The topic of "why H1Bs" has been done to death numerous times in forums beyond counting. I haven't yet seen a better explanation as that of ROI: becoming an A-type engineer as well as a hard scientist is a lifetime commitment. I like the Welsh longbowman analogy too; throw in Shao-Lin monks here as well. And what do you get out of this hard work, on average? A comfortable salary and engaging work, if you're lucky; engineers come out better on the salary front and scientists get more interesting work. Compare that with a career in sales or business management. Or, if you're not outgoing enough, in law. I'm sure the averages there look better and also there's a much likelier shot at real wealth. So why would someone -- who grew in this country, has a reasonably wide social network, speaks English natively -- invest more to get less?

Tuesday, April 01, 2008

"Fair use is shaped, in part, by the practice of the professional communities that employ it."

Documentary Filmmakers’ Statement of Best Practices in Fair Use:

Fair use is shaped, in part, by the practice of the professional communities that employ it

This is a key concept which has been completely lost on educators. If you've got an inherently interpretive area of law where you're balancing the rights of different groups of actors, like copyright holders trying to extract the maximum rent from their property and educators seeking to maintain and expand the scope of their own fair use, then you expect those sides to at least assert their positions. In this case, however, we've got the copyright holders aggressively pushing their case in every possible direction and... librarians and educators also pushing the copyright holders' case. It is a kind of false consciousness, and I'm very happy to see cracks finally forming in the dam.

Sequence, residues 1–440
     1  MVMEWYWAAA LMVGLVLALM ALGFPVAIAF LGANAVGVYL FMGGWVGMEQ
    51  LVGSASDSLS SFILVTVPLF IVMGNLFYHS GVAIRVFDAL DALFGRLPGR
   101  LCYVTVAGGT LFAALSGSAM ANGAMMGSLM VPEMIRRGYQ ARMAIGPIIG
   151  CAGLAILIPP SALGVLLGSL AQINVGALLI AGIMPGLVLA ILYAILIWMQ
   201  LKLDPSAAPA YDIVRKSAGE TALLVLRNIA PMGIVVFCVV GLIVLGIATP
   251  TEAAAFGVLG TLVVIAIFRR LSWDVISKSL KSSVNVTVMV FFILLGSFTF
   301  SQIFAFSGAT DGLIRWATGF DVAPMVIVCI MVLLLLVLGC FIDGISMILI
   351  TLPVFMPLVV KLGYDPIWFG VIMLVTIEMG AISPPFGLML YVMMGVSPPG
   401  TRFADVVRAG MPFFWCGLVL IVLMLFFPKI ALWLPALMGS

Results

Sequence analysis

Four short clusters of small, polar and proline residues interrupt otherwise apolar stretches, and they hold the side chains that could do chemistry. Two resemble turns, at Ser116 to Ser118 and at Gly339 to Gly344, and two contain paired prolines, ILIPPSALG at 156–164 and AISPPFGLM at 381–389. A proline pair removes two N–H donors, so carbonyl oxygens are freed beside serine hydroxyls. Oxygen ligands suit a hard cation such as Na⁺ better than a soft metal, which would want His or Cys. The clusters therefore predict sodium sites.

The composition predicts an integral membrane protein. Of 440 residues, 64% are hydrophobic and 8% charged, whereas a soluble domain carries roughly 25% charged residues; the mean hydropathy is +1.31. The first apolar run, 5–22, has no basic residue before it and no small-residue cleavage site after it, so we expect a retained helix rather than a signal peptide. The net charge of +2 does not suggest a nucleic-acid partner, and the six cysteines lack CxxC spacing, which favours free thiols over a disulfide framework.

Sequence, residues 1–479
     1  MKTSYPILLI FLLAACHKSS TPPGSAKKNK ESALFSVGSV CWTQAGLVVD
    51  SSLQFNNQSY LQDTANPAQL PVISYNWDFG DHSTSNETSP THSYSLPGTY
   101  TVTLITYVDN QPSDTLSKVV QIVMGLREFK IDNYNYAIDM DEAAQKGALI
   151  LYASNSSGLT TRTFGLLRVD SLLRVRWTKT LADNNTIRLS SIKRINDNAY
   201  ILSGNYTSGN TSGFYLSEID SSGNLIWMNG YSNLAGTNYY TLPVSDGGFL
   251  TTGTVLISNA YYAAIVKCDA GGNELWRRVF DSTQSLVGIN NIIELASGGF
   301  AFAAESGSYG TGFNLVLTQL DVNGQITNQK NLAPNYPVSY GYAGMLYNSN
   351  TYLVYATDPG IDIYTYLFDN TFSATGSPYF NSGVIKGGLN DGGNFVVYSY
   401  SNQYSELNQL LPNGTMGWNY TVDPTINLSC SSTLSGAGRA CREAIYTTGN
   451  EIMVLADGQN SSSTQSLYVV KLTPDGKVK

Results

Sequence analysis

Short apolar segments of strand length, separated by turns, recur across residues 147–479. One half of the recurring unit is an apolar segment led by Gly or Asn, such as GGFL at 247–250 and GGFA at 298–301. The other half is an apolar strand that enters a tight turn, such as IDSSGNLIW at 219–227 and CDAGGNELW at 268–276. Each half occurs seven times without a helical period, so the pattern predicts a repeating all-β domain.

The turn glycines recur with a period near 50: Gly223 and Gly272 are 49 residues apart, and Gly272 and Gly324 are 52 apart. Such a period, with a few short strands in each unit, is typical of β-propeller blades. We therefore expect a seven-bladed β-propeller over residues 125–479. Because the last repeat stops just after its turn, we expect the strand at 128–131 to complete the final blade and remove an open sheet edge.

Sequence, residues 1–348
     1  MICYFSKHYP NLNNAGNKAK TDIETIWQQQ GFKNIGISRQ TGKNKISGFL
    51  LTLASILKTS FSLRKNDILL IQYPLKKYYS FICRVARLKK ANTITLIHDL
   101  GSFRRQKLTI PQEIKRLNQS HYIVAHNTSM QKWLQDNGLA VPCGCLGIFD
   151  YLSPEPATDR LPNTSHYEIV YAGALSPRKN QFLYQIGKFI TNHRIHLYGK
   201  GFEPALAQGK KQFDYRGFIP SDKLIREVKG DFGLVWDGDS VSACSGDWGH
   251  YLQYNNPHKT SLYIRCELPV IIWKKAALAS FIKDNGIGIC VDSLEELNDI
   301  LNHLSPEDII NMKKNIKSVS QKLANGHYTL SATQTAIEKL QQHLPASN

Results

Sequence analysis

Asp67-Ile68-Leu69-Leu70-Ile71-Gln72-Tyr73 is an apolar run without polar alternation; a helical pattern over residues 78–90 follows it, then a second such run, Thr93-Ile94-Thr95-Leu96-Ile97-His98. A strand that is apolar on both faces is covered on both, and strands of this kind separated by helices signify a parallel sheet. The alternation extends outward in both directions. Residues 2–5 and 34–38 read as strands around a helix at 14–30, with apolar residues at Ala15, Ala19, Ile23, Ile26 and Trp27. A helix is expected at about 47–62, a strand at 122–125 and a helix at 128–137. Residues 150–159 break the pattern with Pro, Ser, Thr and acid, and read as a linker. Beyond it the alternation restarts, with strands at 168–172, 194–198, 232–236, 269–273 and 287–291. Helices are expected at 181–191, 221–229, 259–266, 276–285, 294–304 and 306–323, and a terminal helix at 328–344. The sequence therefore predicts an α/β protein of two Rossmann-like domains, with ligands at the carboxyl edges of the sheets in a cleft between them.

Now, we just need some people to help ed tech people do the same thing for CIPA and the Federal Rules for Civil Procedure.

I've Got Mine


This is one of the odder artifacts the government has sent me.

Looking Into the Echo Chamber

I have no idea what this is referring to, but everyone seems wound up about it:

Now, in early 2008, things have changed. Whilst it’s great that there’s more educators than ever blogging, tweeting, etc. the focus has shifted. Those that were formerly in the classroom and relating the changing world and tools available to everyday educational experience are no longer in those positions; educators who have no desire to transform education are blogging. The edublogosphere has changed from being about ‘the conversation’ to being part of ‘the network’. It all smacks a little too much of ‘keeping up with the Joneses’ and, to be honest, viral marketing of Web 2.0 apps.

Of course, I have found that there is nothing like a vague assertion ("modernism" anyone?) with no examples that gives everyone space for their own free-form interpretation to get lots of conversation going on the blogs.

On a somewhat related note, when's the victory party for "21st Century Skills?" The terminology war has turned into a rout! Every educational plan in the US from the department level to the US Department of Education will include this phrase for the next decade. Bloggers, take some pride in your contribution to this great achievement. You have changed things already!